Actual cash value coverage (ACV)
Actual cash value is a repayment value for loss or damage to a vehicle. It is your vehicle’s value at the time of loss minus depreciation. ACV is also known as market value.
If your auto insurance policy includes actual cash value coverage and your car is stolen, your policy could pay an amount that is equal to the depreciated value of the car. If your auto insurance policy carries replacement cost coverage, however, your policy could pay for a brand new, comparable car.
An at-fault driver is legally responsible for damage caused in a car accident.
Auto insurance is a type of property and casualty insurance that provides coverage for the costs associated with a car accident. A typical auto insurance policy includes coverage for liability, collision, comprehensive, medical payments, underinsured/uninsured motorist and may include personal injury.
Bodily injury liability coverage
Bodily injury liability coverage can help protect your assets if you’re responsible for a car accident that results in injury or death to another person. This type of coverage can help pay for the other party’s medical expenses, lost wages and other damages. It can also help pay for your expenses in a related lawsuit.
Bundling refers to combining multiple types of insurance from the same insurance carrier. For example, people often bundle their auto insurance with homeowners or renters insurance, which can yield significant savings.
A claim is a policyholder’s request to be reimbursed for a loss covered by their auto insurance policy.
Collision coverage can pay to repair physical damage to your vehicle caused by rolling over or colliding with another vehicle or object, such as a fence or telephone pole. This type of coverage does not include collision with animals.
Comprehensive coverage can pay for damage to your vehicle caused by a covered loss other than a collision, such as vandalism, theft, fire, flood, hail, falling objects or accidents with animals. This coverage is sometimes referred to as other-than-collision coverage.
A covered loss is any damage to your vehicle, yourself, other people or property that is covered under the terms and conditions of your auto insurance policy.
A deductible is the portion of a covered loss that the policyholder is responsible for paying before the insurance provider pays after the policyholder files an insurance claim. Higher deductibles typically translate to lower premiums, but that also means the policyholder assumes a greater amount of financial responsibility in the event of a loss.
Depreciation is the loss in value of property due to age, wear and tear, or becoming outdated.
An endorsement is any change made to your original insurance policy. These changes include updating your address, adding a new vehicle or driver, changing your policy limits and making other adjustments.
Gap insurance can cover the difference between what is still owed on a vehicle and the vehicle’s actual cash value if a loss occurs. It protects policyholders from being required to continue making payments on a totaled vehicle they can no longer use.
If you are financing a vehicle, you can purchase gap insurance from an insurance company, the car dealership or the loan provider.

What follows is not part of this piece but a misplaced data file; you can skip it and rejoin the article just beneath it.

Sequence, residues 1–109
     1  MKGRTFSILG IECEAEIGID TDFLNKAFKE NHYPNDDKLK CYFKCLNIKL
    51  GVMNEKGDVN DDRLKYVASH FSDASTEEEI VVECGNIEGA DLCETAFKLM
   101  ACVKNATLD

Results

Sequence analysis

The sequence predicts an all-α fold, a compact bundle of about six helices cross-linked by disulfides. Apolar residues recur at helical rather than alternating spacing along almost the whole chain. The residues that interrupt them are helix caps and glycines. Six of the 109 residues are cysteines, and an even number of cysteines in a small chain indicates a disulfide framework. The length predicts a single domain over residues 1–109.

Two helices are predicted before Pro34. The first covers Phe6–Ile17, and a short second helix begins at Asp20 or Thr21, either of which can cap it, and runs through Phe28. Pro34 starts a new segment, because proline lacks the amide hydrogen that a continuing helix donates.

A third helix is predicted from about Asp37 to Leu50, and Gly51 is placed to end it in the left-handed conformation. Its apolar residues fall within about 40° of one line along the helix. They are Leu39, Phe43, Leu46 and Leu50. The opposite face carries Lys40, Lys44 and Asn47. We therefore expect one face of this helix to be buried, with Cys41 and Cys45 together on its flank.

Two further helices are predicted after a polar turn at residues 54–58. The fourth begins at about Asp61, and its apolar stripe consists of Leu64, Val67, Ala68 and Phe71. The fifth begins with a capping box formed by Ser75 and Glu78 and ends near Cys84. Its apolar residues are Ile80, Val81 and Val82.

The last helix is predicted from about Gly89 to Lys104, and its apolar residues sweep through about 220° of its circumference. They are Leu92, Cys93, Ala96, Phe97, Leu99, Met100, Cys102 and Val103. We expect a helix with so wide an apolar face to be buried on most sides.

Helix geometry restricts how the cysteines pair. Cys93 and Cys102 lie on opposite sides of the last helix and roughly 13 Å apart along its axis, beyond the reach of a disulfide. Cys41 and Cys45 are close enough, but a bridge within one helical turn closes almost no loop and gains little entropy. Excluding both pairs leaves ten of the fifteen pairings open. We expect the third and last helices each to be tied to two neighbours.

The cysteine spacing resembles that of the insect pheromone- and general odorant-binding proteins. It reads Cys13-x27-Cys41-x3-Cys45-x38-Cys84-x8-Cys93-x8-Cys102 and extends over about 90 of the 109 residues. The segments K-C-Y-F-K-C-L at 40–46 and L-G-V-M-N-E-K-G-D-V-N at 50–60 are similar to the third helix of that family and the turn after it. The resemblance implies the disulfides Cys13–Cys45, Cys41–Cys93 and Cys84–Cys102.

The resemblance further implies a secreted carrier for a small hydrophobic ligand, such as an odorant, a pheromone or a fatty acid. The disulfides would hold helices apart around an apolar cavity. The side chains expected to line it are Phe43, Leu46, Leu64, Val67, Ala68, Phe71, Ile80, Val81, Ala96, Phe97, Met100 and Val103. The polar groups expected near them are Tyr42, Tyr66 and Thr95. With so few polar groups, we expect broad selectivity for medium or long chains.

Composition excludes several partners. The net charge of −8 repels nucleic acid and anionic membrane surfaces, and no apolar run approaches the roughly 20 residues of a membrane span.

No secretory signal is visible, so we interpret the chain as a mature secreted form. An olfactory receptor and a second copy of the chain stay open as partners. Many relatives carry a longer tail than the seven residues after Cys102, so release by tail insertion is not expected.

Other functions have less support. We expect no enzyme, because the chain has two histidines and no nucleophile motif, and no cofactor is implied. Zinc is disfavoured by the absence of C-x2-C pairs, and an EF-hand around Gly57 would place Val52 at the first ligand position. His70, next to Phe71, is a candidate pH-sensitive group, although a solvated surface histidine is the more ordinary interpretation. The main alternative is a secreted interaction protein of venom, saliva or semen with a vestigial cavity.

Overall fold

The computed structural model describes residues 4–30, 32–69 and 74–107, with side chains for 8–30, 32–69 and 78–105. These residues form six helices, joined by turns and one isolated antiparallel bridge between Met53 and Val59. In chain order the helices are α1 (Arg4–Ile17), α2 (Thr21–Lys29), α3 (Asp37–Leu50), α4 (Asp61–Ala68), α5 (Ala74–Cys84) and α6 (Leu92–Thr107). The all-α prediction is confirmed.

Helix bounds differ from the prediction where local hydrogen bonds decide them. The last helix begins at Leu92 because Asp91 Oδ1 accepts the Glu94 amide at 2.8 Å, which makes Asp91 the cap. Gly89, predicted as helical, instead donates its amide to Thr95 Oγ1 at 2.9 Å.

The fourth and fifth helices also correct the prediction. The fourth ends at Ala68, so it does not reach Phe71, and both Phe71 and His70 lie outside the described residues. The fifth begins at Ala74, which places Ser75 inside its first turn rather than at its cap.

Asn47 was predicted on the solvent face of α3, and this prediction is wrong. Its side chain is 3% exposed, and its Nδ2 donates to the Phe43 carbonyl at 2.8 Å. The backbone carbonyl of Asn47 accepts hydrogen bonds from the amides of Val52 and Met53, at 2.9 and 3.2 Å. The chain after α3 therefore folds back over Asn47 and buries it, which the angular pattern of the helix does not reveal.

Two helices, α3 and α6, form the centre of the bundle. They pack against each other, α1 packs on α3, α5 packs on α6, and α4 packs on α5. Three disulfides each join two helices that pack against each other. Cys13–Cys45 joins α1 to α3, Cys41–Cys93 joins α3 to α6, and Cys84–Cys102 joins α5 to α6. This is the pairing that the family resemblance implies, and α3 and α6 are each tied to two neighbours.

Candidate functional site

This type of insurance coverage is sometimes referred to as loan or lease gap coverage.
An insured is the individual who is protected under an insurance policy. They may also be referred to as the policyholder.
In broad terms, liability refers to legal responsibility. For example, if you run a red light and hit another car, you may be liable for injuries or damages to the other driver and their vehicle.
Liability coverage can help pay for damages to other people and property resulting from a car accident. There are two types of liability coverages: bodily injury and property damage.
A life event is any occurrence that significantly changes a person’s life, such as marriage, divorce, pregnancy, the birth of a child, a serious medical diagnosis, or the death of a spouse or relative.
An insurance policy’s limit is the maximum dollar amount of protection purchased by the policyholder for a particular type of coverage. It is the maximum amount an insurance company will pay per coverage, per covered loss.
A loss is direct or indirect damage to a person or property.
A driver is considered mature upon reaching a certain age, which is set by their state of residence. The minimum age for a mature driver is 55 years old in most states.
Medical payments coverage
This optional coverage can pay for medical expenses or death benefits to you or anyone covered under your policy in the event of a car accident, regardless of who is held at fault. It can also cover you and your family members while riding in others’ vehicles or as a pedestrian.
This type of coverage is also known as medical expense coverage.
Minimum limits on an insurance policy are set and may be required by state laws. Contact your local Personal Express agent for details about your region.
Motor vehicle report (MVR)
An MVR is a state record of licensing status, traffic violations and other infractions you’ve accrued over the last several years that an auto insurance provider uses to determine your premium.